A Q&A with Prof. Christine Parlour
The surge of bitcoin brought cryptocurrencies from tech-nerd toy to household name, and they’re increasingly showing up in investment portfolios. Yet it’s still a mystery to most people how these digital currencies work. Are they even currency? And do they belong in an everyday person’s portfolio?
BerkeleyHaas sought the wisdom of Prof. Christine Parlour, a leading scholar of financial markets and the banking system. In a recent working paper, she analyzed market pricing on 222 digital coins and examined the initial coin offering market, a new way for startup companies to raise capital. Parlour shared some of her thoughts on the burgeoning cryptocurrency market.
Q: What exactly are cryptocurrencies like bitcoin?
A: Essentially, they’re digital codes that give people the ability to consume and use services. As such, they can be traded, so they do have some sort of transfer-of-value characteristics. But despite the great alliterative mouth-feel of “cryptocurrency,” they’re not really currency. Perhaps a more accurate designation would be “cryptocoupons.”
Q: What can cryptocurrencies be used for?
A: Most cryptocurrencies have a use-value associated with a specific underlying commodity or service. For example, sometimes they’re used to compensate people who are providing some of their cloud storage capacity to other vendors. It’s pretty much anything that you can think of.
Q: How can someone turn cryptocurrency into conventional money?
A: There are many exchanges that allow you to convert cryptocurrencies to U.S. dollars or whatever currency you prefer.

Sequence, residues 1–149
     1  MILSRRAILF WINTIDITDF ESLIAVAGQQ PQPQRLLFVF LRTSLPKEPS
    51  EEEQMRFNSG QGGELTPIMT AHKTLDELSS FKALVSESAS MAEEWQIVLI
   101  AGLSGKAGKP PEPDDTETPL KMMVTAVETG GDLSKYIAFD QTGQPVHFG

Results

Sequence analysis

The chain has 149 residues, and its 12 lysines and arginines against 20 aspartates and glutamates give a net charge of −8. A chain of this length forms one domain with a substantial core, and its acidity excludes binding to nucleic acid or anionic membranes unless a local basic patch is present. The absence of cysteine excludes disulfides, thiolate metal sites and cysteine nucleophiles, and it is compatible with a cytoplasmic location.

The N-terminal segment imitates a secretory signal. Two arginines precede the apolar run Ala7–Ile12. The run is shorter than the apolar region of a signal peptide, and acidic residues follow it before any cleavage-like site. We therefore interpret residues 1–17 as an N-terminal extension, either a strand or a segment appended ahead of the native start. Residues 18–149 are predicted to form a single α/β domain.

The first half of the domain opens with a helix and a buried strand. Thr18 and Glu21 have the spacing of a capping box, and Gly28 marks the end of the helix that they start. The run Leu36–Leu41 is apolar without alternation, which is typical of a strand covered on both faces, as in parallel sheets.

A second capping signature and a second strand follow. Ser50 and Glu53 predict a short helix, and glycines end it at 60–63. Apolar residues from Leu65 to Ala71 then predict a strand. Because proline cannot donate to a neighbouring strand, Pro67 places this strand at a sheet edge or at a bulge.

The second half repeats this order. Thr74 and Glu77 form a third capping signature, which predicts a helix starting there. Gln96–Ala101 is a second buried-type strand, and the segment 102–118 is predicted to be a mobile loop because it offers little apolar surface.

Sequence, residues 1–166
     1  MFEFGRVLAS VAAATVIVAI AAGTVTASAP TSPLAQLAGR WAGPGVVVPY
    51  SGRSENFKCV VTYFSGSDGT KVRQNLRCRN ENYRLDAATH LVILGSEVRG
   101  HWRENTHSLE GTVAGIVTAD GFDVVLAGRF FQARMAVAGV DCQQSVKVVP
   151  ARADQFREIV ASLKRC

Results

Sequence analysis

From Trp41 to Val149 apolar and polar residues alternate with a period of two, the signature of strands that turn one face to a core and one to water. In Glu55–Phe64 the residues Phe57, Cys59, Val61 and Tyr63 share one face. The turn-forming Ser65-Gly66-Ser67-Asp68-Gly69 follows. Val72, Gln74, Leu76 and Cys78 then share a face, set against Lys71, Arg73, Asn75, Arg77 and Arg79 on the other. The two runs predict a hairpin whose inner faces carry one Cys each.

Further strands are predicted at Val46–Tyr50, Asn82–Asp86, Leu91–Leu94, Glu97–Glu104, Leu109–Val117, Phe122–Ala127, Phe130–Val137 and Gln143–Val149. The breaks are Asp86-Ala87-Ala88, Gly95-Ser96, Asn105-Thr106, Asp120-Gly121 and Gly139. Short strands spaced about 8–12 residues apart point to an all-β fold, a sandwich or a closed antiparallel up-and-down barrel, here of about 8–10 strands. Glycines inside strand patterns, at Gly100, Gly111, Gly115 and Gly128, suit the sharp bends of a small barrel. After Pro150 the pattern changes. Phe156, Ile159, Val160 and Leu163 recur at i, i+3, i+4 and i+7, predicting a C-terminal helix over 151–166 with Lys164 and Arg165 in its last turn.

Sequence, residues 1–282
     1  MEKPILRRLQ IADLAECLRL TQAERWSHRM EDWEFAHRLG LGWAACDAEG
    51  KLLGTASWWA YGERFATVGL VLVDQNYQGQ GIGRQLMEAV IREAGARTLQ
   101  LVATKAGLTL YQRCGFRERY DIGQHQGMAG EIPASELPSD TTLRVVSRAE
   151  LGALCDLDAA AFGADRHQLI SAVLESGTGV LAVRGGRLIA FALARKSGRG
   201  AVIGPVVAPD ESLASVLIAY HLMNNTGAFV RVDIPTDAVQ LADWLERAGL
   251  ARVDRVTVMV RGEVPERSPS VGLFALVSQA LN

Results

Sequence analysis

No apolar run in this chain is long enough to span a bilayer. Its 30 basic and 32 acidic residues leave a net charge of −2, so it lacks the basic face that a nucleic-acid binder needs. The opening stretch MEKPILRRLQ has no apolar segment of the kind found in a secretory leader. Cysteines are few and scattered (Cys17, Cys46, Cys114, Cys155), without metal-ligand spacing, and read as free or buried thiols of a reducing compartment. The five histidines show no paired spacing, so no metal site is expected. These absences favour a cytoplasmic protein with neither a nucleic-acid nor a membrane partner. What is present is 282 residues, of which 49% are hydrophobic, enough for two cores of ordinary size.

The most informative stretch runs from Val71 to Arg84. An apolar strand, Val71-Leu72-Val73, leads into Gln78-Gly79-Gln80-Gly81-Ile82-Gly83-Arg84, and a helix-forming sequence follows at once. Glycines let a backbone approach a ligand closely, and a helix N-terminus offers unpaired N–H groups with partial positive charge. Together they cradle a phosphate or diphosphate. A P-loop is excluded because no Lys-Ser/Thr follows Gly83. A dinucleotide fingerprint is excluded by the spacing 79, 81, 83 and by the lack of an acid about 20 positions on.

Q: Are they a new asset class?
A: Inasmuch as you can convert any of these cryptocurrencies to fiat money and back again, you can view them as an asset class.
Q: Do they have any advantages as an addition to an investment portfolio?
A: They essentially add an element of diversification to the standard assets that most people have in their 401(k) plans. We know that the returns are pretty much driven by something that’s independent of the standard things we put in portfolios. A well-diversified portfolio should have a little bit of exposure to crypto.
Q: Wouldn’t it be reasonable for investors to be skittish, given the price volatility of these assets and their lack of regulation?
A: Absolutely. But we have a lot of attempts to start exchange-traded funds that track cryptos and these are under the usual regulatory umbrellas.
Q: Isn’t there a concern about buying at the top of the market or buying into a heavily speculative market?
A: Yes, but you can say the same thing about people who bought condominiums in San Francisco.
Q: How does an initial coin offering (ICO), which gives investors digital coins or tokens, differ from a standard initial public offering in which the investor gets stock in the issuing enterprise?
A: ICOs are fundamentally unregulated and the asset that’s issued doesn’t necessarily bear any resemblance to a security. If you’re a smaller investor, only buy a new coin after it has appeared on one of the crypto exchanges–or after the SEC moves forward with more oversight.